Subject: Study Skills
I can't seem to find the right study schedule for any of my exams, every time I end up cramming for an exam, and then don't do well, its like I forget all the information. What can I do to help me with this? I don't think I can cram for another exam..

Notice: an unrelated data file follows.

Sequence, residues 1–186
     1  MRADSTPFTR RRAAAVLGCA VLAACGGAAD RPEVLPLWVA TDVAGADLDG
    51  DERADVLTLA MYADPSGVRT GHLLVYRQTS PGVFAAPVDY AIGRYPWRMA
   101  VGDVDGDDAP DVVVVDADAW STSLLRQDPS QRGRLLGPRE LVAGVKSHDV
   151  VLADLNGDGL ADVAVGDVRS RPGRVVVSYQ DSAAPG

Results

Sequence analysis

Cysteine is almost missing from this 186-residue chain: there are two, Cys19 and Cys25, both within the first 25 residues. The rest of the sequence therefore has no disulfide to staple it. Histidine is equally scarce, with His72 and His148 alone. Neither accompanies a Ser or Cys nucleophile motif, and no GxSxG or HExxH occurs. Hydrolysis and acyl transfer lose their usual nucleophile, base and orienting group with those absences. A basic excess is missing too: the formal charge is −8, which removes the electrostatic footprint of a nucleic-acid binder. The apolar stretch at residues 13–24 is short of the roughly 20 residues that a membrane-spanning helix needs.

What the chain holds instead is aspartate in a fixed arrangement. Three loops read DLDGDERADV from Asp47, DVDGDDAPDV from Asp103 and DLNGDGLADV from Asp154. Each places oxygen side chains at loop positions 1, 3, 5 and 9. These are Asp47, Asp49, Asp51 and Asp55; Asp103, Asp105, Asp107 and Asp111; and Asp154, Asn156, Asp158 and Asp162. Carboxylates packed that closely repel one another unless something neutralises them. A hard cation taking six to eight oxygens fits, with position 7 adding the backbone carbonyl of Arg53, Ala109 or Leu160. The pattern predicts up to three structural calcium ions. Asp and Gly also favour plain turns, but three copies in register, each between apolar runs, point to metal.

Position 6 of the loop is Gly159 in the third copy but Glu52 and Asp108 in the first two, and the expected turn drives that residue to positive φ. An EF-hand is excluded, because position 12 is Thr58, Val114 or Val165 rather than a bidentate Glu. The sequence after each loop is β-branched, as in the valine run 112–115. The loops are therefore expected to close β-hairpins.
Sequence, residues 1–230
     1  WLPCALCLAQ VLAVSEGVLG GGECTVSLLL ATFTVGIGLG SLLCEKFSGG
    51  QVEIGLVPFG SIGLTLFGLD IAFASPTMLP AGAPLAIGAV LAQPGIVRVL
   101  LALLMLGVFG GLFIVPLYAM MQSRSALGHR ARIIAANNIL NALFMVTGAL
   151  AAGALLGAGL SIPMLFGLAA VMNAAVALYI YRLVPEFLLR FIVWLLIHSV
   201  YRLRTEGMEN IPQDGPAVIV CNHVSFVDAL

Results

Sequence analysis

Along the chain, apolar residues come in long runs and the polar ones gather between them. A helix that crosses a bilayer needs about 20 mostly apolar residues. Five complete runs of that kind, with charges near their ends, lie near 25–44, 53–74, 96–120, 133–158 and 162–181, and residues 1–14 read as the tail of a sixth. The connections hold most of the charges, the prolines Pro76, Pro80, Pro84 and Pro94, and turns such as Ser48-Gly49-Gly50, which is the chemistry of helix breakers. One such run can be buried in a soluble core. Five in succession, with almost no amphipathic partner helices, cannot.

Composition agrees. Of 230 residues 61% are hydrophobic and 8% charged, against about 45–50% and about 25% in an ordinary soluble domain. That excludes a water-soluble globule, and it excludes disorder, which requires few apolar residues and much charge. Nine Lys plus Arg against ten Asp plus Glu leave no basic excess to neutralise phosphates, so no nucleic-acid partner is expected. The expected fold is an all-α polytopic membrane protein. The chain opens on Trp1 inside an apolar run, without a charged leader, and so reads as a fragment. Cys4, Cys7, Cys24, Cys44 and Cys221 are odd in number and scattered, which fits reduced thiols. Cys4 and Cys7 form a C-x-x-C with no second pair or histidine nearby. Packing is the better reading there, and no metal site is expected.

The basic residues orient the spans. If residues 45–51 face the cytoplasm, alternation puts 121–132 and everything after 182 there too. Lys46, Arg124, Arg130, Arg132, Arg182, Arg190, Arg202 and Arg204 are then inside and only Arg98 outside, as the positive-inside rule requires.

I like to look at studying for exams as marathon training rather than sprinting. One of the best ways to look at studying for an exam is to look at when the next exam is scheduled. Next identify what materials this exam is covering. Then for each week leading up to the exam set aside a specific time to review material from the course for the exam, this isn't just time to do homework for this class. This is the time you'll go over your lecture notes, exam outlines, and other materials from the course to determine what exactly you have covered this week that will be on your exam. Your teachers will be giving you cues during class as to what might be a test question or materials which could be on the test. This information can be transferred to creative study materials which fit your best learning process. For instance if your someone who learns best from pictures, this would be creating pictures to help you remember these particular study items. Then during the week prior to the exam set aside 20-30 minutes each night to go back through these materials again, beginning with the 1st week you began. You'll want to also look through any of the other ideas your teacher has given you in regards to whats on the test-such as study outlines. Some times its a good to go to a study group to help yourself create new connections, often times study groups use speaking out loud to quiz one another. This is a proven study technique, you are more likely to remember what you have spoken out loud.